It is prior learning that sets the perceived difficulty of a new challenge being undertaken. My first years would find a final year critical evaluation of research papers too challenging, even with the same level of support in handling conflicting information. However, a knowledge based review of a topic within the literature is appropriate, with support given in essay writing. Hence the level of challenge and the support given should be appropriate for the current state of readiness. Screen casts and demonstrations help initially prepare the students to perform a skill or task by presenting relevant knowledge. Later, support in acquiring knowledge from external sources and self study skills, allow the students to synthesise their own understanding. Support could also mean a clear outline of expectations, knowing what is expected to complete a task.
“I am finding this task challenging,
but that’s okay as I know I am going in the correct direction”.
To gauge the level of challenge and support, I used a mid-module review as a pause point to give me the opportunity to tune the level of challenge and support, with time to intervene before the next stage of study. To achieve this, students were asked two simple questions and given the opportunity to offer free-form feedback:
- On a scale of one to ten how challenging is the module?
- On a scale of one to ten how supported are you on the module?
The answers are then plotted on an x,y graph as a proxy for the challenge/support matrix, allowing me to gauge the students’ perception of challenge and support. The free-form comments can be used to give a narrative and context, highlighting where support or challenge could be altered.
Popular vs Effective. Reflecting on one of my own modules, I worry that I offer too much support in coursework tasks, ultimately leading to good attainment in that specific task and high student satisfaction but limited growth. By over-supporting I risk a surface learning approach by the students. Completion of the coursework is effectively going through the motions, leading to a low level of readiness for the next assessment stage. This then manifests as poor performance in the exams, where there is a lack of readiness and the challenge is high, but the support is low.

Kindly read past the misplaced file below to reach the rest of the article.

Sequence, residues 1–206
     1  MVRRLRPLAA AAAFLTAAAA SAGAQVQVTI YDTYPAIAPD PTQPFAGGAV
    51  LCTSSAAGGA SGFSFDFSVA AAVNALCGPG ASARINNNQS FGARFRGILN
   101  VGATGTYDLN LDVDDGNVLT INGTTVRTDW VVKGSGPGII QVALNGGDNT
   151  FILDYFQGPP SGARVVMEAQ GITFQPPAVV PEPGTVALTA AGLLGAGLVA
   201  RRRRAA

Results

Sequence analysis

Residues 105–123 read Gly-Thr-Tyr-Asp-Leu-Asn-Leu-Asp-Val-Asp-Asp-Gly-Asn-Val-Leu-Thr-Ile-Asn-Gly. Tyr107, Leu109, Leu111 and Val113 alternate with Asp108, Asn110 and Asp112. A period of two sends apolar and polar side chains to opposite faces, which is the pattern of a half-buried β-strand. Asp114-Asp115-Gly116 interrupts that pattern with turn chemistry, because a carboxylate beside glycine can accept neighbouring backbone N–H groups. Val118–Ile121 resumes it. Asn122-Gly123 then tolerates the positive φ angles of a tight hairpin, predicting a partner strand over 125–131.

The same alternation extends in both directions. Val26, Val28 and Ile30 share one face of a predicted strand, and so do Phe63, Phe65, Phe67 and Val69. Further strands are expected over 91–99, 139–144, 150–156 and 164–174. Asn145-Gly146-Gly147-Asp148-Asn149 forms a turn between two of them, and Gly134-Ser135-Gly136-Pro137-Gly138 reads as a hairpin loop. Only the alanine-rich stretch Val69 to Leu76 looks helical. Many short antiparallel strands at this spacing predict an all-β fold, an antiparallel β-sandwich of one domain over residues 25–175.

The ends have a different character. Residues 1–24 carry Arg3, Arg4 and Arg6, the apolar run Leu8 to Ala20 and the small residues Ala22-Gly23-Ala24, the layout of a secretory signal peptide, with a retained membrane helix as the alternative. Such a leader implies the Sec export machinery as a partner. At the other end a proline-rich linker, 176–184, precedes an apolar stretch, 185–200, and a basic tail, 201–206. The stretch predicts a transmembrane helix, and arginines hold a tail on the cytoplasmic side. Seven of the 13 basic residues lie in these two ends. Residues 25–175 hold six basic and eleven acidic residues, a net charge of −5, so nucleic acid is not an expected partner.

Reflection then has identified an issue in my practice that needs to be addressed, but which direction should I go from here? I am reluctant to decrease the challenge of the exam as this would not prepare the students for the next level of study and inhibit their readiness for later tasks. One option would be to develop a closer link between the content of coursework and the exam so that the learning from one is direct preparation for the other. This approach should increase readiness for the next assessment challenge while maintaining current support levels in the coursework. I can keep the challenge of the exam unchanged, but increase the support through formative preparations, such as in-class tests to get the students to a state of readiness to address the challenge of the exam. I will find out in the summer if that works by comparison with past attainment and have the opportunity to revisit on completion what the students thought about the level of support and challenge.
Sanford, N. (1962). The American college. New York: Wiley.
Sanford, N. (1966). Self and society: Social change and individual development. New York: Atherton.